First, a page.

We study several fundamental problems in the kmachine model, a messagepassing model for largescale distributed computations where k ≥ 2 machines jointly perform computations on a large input of size N, (typically, N ≫ k). The input is initially partitioned (randomly or in a balanced fashion) among the k machines, a common implementation in many realworld systems. Communication is pointtopoint, and the goal is to minimize the number of communication rounds of the computation. Our main result is a general technique for designing efficient deterministic distributed algorithms in the kmachine model using PRAM algorithms. Our technique works by efficiently simulating PRAM algorithms in the kmachine model in a deterministic way. This simulation allows us to arrive at new algorithms in the kmachine model for some problems for which no efficient kmachine algorithms are known before and also improve on existing results in the kmachine model for some problems. While our simulation allows us to obtain kmachine algorithms for any problem with a known PRAM algorithm, we mainly focus on graph problems. For an input graph on n vertices and m edges, we obtain Õ(m/k 2 ) round 4 algorithms for various graph problems such as rconnectivity for r = 1,more »

Gilbert, Seth (Ed.)This paper concerns designing distributed algorithms that are singularly optimal, i.e., algorithms that are simultaneously time and message optimal, for the fundamental leader election problem in asynchronous networks. Kutten et al. (JACM 2015) presented a singularly near optimal randomized leader election algorithm for general synchronous networks that ran in O(D) time and used O(m log n) messages (where D, m, and n are the network’s diameter, number of edges and number of nodes, respectively) with high probability. Both bounds are near optimal (up to a logarithmic factor), since Ω(D) and Ω(m) are the respective lower bounds for time and messages for leader election even for synchronous networks and even for (MonteCarlo) randomized algorithms. On the other hand, for general asynchronous networks, leader election algorithms are only known that are either time or message optimal, but not both. Kutten et al. (DISC 2020) presented a randomized asynchronous leader election algorithm that is singularly near optimal for complete networks, but left open the problem for general networks. This paper shows that singularly near optimal (up to polylogarithmic factors) bounds can be achieved for general asynchronous networks. We present a randomized singularly near optimal leader election algorithm that runs in O(D + log²more »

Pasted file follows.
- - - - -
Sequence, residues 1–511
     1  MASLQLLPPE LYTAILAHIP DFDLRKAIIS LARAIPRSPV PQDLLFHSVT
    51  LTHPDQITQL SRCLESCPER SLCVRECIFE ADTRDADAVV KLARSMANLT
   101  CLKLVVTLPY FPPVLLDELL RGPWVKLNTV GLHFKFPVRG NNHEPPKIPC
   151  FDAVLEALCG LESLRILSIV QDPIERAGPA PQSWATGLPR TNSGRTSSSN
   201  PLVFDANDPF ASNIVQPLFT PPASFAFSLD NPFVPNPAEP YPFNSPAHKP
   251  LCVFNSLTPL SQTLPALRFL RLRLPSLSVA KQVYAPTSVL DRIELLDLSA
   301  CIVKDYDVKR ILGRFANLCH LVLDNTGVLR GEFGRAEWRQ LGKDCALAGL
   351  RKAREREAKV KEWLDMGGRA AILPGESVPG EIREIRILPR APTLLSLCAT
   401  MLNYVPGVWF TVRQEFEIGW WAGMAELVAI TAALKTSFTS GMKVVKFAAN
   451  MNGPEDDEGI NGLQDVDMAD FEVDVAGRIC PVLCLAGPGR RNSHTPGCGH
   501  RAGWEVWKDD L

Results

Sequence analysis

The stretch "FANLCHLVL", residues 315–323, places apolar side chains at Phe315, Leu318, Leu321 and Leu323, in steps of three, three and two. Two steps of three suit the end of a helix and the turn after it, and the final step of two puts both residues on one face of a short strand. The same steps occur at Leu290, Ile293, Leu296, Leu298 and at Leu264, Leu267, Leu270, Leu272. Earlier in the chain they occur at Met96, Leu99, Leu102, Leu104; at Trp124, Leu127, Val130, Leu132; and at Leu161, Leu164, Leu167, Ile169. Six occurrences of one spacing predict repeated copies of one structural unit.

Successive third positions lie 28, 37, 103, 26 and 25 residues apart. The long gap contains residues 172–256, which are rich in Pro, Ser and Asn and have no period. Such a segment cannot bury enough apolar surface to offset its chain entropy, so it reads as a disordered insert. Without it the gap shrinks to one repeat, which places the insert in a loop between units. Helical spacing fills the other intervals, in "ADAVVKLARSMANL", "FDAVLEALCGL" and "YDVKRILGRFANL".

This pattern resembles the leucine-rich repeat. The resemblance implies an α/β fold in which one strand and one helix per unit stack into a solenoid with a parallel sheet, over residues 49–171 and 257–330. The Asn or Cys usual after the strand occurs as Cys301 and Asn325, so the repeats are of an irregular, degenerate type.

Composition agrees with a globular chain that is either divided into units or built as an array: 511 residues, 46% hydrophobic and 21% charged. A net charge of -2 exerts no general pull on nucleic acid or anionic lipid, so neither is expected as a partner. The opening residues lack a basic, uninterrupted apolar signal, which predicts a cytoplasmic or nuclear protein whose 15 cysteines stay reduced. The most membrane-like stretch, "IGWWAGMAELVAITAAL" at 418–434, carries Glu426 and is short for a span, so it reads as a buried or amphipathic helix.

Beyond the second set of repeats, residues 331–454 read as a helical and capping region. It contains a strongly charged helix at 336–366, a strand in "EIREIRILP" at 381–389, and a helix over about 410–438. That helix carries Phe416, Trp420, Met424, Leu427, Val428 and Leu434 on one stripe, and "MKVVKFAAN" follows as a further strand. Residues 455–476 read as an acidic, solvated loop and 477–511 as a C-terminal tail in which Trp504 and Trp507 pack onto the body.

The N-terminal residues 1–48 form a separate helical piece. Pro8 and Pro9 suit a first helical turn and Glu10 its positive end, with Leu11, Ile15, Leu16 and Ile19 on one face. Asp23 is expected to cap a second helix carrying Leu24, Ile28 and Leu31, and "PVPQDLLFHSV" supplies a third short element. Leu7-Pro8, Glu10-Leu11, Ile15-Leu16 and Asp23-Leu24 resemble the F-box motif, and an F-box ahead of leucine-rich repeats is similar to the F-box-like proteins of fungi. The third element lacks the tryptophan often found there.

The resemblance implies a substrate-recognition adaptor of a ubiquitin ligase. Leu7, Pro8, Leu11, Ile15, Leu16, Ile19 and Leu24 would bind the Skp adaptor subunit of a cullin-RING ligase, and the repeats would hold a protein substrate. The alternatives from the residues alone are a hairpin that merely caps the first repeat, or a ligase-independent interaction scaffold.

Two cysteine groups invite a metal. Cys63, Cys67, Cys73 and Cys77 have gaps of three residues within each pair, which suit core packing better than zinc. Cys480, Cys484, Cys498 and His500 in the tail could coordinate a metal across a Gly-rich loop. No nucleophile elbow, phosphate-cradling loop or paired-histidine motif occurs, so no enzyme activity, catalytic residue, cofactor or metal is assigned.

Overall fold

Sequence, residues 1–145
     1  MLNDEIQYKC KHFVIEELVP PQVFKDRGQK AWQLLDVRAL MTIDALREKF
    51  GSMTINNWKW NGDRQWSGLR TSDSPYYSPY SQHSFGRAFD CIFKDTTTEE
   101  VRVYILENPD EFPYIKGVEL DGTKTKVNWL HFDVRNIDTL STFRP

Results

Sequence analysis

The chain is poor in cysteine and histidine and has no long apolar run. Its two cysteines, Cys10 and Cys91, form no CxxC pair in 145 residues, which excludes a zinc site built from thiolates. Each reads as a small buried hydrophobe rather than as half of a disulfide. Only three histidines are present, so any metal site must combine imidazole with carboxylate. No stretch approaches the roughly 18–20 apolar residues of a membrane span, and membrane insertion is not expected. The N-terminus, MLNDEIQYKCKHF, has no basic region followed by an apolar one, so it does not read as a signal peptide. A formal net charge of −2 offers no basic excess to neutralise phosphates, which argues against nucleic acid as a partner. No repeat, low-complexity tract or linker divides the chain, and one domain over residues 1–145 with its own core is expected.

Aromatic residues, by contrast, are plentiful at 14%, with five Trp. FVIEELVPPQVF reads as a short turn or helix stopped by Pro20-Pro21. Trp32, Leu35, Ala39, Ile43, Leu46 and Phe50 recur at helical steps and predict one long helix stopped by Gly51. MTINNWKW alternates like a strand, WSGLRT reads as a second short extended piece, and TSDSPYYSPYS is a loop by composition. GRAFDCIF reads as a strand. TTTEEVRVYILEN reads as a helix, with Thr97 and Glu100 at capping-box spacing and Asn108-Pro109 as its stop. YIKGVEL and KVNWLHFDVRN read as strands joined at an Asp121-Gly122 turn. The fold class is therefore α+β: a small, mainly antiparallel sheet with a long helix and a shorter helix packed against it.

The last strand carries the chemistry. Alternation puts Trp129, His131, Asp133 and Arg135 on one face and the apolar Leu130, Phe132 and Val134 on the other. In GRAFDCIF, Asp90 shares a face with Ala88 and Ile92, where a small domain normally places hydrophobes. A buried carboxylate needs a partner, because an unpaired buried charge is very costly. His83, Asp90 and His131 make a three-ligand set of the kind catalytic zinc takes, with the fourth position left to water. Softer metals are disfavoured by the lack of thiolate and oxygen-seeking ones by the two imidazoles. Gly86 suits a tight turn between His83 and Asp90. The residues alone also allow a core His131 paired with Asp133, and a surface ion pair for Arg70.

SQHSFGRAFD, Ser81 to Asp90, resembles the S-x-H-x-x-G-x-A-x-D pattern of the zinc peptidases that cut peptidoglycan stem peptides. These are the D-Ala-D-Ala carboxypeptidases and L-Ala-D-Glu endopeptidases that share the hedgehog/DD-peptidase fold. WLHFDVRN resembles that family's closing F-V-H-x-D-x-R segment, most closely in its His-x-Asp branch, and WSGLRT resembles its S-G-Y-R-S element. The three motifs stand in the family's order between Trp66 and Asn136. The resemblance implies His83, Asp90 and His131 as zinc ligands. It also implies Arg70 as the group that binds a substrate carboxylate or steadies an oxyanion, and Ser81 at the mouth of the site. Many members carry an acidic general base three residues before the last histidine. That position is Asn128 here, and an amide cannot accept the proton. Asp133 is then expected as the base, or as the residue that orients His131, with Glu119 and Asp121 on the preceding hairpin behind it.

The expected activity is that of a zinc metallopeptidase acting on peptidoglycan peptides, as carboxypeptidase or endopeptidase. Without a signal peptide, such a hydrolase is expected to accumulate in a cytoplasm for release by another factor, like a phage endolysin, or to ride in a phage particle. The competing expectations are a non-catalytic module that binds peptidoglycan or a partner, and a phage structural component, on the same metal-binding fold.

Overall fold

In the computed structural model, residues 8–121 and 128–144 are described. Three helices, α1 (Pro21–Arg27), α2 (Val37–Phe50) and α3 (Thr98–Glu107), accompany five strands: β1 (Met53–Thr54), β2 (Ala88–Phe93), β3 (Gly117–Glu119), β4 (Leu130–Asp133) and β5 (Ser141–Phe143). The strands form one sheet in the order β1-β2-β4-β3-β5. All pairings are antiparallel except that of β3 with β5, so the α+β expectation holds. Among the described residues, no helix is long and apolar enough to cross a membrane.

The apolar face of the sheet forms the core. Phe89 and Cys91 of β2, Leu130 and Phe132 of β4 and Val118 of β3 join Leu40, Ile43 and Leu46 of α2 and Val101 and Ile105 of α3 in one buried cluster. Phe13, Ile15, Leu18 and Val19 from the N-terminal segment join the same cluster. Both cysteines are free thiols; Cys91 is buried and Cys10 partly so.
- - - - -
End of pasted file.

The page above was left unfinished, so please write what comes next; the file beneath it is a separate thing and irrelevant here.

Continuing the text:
Maximal Independent Set (MIS) is one of the fundamental problems in distributed computing. The round (time) complexity of distributed MIS has traditionally focused on the worstcase time for all nodes to finish. The bestknown (randomized) MIS algorithms take O(log n) worstcase rounds on general graphs (where n is the number of nodes). Breaking the O(log n) worstcase bound has been a longstanding open problem, while currently the bestknown lower bound is [EQUATION] rounds. Motivated by the goal to reduce total energy consumption in energyconstrained networks such as sensor and ad hoc wireless networks, we take an alternative approach to measuring performance. We focus on minimizing the total (or equivalently, the average) time for all nodes to finish. It is not clear whether the currently bestknown algorithms yield constantround (or even o(log n)) nodeaveraged round complexity for MIS in general graphs. We posit the sleeping model, a generalization of the traditional model, that allows nodes to enter either "sleep" or "waking" states at any round. While waking state corresponds to the default state in the traditional model, in sleeping state a node is "offline", i.e., it does not send or receive messages (and messages sent to it are dropped as well)more »

The Knearest neighbors is a basic problem in machine learning with numerous applications. In this problem, given a (training) set of n data points with labels and a query point q, we want to assign a label to q based on the labels of the Knearest points to the query. We study this problem in the kmachine model, a model for distributed largescale data. In this model, we assume that the n points are distributed (in a balanced fashion) among the k machines and the goal is to compute an answer given a query point to a machine using a small number of communication rounds. Our main result is a randomized algorithm in the kmachine model that runs in O(log K) communication rounds with high success probability (regardless of the number of machines k and the number of points n). The message complexity of the algorithm is small taking only O(k log K) messages. Our bounds are essentially the best possible for comparisonbased algorithms. We also implemented our algorithm and show that it performs well in practice.